If you use Docker, you probably also use Docker Compose. Which means you map your app volume to the container volume if you are doing any local development.
But, when you do this, your local (and empty) node_modules folder will overwrite the container node_modules folder.
The fix then is to install your node_modules on the
docker-compose build command, instead of
docker-compose up, and telling DockerCompose to not overwrite the node_modules directory.
As a workaround, you can do
CMD npm install && npm run dev.
The problem with that approach is:
- It slows down the
- It makes Docker Hyperkit take up a lot more CPU than it needs
A better solution
Have docker install node_modules on
docker-compose build and run the app on
Note — we need to copy
package.jsonfirst because volume mapping happens on the
docker-compose upcommand, and so this file does not exist on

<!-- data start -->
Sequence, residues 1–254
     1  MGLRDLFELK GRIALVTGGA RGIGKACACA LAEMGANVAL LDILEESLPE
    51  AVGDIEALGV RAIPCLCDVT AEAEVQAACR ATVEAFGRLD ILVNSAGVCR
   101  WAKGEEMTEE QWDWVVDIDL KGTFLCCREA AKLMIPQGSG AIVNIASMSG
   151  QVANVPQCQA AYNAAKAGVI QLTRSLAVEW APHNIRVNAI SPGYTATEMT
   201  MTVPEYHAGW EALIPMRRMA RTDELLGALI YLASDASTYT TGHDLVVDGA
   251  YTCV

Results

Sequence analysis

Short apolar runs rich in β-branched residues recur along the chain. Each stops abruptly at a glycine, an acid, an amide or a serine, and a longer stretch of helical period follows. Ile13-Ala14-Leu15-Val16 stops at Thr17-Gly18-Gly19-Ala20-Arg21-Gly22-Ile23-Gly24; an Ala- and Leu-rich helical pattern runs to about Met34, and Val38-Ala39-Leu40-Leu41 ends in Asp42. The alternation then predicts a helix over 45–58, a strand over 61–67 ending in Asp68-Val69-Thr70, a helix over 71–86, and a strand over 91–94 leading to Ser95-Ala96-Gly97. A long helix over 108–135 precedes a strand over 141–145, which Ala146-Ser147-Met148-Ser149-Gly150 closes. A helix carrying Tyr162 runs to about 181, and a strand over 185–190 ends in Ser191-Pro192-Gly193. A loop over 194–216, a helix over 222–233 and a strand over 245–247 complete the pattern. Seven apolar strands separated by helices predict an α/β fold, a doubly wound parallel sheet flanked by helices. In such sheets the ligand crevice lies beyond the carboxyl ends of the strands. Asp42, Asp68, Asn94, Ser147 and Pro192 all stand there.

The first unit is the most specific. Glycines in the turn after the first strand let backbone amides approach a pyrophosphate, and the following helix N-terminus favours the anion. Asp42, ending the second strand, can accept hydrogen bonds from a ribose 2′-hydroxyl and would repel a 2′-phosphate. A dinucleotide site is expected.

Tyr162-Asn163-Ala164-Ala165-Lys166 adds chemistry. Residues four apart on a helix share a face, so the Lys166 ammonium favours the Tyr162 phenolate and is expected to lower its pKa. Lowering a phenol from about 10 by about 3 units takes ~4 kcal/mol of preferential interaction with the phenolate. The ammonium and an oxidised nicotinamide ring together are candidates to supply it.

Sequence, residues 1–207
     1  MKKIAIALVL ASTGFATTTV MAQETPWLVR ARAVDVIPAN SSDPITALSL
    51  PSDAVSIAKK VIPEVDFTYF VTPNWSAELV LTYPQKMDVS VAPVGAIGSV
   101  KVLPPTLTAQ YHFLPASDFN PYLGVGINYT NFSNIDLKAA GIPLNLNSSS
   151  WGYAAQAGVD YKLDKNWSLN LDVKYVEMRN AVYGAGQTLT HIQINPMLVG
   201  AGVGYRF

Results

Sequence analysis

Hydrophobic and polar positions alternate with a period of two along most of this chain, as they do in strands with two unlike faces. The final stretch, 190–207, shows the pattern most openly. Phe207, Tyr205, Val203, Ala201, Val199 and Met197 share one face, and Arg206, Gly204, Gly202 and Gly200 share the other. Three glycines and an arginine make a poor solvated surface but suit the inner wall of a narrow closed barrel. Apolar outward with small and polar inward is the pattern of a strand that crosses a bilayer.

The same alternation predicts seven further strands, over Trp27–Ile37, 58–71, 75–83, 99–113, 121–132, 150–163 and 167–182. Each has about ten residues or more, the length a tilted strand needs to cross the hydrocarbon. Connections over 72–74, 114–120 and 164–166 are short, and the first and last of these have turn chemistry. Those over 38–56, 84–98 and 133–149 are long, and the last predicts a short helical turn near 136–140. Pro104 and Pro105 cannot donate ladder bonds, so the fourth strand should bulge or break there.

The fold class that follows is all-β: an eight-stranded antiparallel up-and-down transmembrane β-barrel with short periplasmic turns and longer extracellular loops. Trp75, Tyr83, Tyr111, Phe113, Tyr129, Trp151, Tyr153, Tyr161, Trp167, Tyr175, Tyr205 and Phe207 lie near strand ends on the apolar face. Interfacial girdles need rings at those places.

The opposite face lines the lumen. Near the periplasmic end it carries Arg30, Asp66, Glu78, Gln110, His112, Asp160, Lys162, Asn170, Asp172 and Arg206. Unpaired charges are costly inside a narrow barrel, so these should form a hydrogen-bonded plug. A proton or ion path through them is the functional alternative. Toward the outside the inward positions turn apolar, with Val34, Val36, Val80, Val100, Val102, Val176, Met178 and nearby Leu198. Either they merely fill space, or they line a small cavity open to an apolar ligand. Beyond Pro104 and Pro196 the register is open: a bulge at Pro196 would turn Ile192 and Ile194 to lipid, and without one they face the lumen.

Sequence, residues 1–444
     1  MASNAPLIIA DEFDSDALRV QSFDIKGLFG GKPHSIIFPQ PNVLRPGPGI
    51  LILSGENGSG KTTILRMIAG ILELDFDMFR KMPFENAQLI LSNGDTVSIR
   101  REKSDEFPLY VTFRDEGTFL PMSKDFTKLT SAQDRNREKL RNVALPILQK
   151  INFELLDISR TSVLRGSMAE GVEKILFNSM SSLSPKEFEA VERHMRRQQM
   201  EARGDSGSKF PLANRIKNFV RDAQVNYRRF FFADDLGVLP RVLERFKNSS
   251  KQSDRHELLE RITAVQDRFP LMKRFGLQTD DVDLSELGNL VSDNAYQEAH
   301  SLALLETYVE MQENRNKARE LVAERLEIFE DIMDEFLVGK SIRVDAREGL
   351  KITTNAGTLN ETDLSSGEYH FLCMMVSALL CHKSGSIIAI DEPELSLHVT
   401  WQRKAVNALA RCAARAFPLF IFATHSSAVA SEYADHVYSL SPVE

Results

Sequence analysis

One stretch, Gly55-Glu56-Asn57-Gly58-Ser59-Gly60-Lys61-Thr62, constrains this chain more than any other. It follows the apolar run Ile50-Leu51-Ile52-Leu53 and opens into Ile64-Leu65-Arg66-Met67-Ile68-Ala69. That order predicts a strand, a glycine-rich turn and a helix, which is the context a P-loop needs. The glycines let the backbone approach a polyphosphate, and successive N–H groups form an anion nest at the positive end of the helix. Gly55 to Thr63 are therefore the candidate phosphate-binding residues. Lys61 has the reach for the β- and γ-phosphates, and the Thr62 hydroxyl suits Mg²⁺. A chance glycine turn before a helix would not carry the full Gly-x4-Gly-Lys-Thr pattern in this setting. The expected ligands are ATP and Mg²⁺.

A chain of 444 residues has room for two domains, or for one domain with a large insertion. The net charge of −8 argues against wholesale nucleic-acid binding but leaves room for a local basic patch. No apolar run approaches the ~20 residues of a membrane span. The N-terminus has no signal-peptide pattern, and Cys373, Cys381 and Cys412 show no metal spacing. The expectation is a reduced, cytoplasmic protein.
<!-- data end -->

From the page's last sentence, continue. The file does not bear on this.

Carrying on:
- If you had already built the containers and installed packages into the node_modules directory, it’s best to clean up before trying this by removing all your containers and images related to the project
# will remove everything
docker container rm -f $(docker container ls -qa)
docker image rm -f $(docker image ls -q)
2. If you install a new module, you can either
i. ssh into the container and install it directly
# remember, $CONTAINER_FOLDER is the name of this container
docker exec -it $CONTAINER_FOLDER npm install $YOUR_NEW_NPM_MODULE
ii. install it on your system (which updates packages.json) and rebuild the image
npm install $YOUR_NEW_NPM_MODULE# remove the image where the new module is installed
docker image rm -f $CONTAINER_FOLDER# rebuild, while making sure it doesn't use the internal cache
docker-compose build --no-cache